In 1986, David, and some mates decided to take part in the famed Variety Club Bash event using an EH Holden setup specifically for offroad racing. Officials deemed the car was too fast and not suitable for this sort of event, hence a more suitable replica of the original FX was decided to be built for their next foray into the Bash the following year.

The work undertaken to build the replica FX was completed by David and his mates utilising the converted bus depot that was at that stage the premises of the fledgling Rare Spares organization.  David’s father was kept in the dark on the build until the time of unveiling, when one day he drew back the garage doors to unveil the pristine replica of his beloved REDEx machine.


 

 

In 1990, the FX was sold and David was left to focus on his many other ongoing projects. These included competing in the 1993 London to Sydney Marathon in a HK Monaro, taking an Aussie 1946 Chev ute street rod to the US and a trip to Mexico to compete in the 2013 La Carrera Panamericana, a 3200km open road event, racing a 1954 FJ! You can read about this incredible restoration and event here

Over the past decade David was in regular if not frequent contact with the owner asking if the FX would ever be available to buy back. The once loved car was languishing in a suburban backyard, dying a slow and rusty death, with the new owner unwilling at that time to part with it..

Fast forward to early 2018, David was searching through some online early Holden forums where low and behold, his FX was listed as possibly coming up for sale! A quick phone call was made to the owner to re-express his interest.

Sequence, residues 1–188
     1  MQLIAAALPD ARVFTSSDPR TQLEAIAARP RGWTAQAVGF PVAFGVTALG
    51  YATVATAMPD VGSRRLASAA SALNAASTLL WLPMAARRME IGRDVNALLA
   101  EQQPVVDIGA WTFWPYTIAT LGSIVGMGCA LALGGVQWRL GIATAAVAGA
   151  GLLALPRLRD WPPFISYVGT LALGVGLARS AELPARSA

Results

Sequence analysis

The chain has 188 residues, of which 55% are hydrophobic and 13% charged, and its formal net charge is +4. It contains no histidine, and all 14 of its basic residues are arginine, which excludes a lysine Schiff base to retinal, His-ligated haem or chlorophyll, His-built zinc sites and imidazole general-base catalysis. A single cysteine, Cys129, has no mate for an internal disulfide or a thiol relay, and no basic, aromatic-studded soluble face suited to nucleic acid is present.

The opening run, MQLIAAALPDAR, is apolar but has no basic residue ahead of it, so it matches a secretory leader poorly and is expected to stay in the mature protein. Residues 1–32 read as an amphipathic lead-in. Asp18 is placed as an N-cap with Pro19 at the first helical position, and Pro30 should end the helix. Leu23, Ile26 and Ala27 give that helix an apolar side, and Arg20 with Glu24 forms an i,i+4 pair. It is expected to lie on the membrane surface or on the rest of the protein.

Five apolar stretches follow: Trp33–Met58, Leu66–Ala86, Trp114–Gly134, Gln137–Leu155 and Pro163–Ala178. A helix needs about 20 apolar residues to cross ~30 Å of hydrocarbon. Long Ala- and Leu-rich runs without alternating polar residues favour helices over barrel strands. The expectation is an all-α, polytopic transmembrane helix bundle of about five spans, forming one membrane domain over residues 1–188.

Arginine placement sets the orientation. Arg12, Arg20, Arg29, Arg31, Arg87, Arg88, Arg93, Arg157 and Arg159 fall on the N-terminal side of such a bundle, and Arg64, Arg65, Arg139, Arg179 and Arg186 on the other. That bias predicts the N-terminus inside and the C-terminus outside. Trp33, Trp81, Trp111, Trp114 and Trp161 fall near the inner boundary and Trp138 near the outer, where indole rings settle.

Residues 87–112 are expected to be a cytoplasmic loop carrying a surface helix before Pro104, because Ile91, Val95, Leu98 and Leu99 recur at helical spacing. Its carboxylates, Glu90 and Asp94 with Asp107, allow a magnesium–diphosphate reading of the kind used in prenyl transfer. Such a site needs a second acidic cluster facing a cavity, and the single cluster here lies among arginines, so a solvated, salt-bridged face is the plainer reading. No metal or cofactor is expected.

After a week or two of negotiating back and forth, the car is now back in David’s hands and plans are well underway for a complete restoration to be finished by December for Chloe’s wedding. With an abundance of options for her wedding car, one would think Chloe would go for something a little more luxurious. However, with the FX once again back in the hands of her grandfather, there was only one car Chloe had in mind!

The car is now in Adelaide where it is being paint stripped and rust treated, this is due to be completed by mid next week. From there extensive rust repair will be undertaken before being baked, primed and painted by a good friend. The seats will be re-trimmed in their original colour (red) all while a full mechanical refurbishment will be undertaken. The 132ci grey motor, 3 speed transmission, differential and suspension will all be rebuilt to stock specifications.

We will be paying close attention to the FX Holden build, so stay tuned for further updates as 2018 progresses!

What are your memories of the early 1950s Holden’s? Did you or someone you know own one? Head over to the Rare Spares Facebook page and let us know about it in the comment section below!

Future Classics – 5 Australian cars with investment potential

It seems to be every couple of weeks we hear of a mint condition A9X Torana, Monaro or GT-HO hitting the market for a monumental price, and they don’t seem to be having many issues finding a new home. So, with the Australian car manufacturing industry officially closed for business, which cars of more recent years will replace the classics of the 60’s, 70’s and 80’s in another 50 years’ time? Well, in this article we take a look back at the cars produced in Australia since the turn of the century, and create a very short list of cars that might just be considered a classic in the future.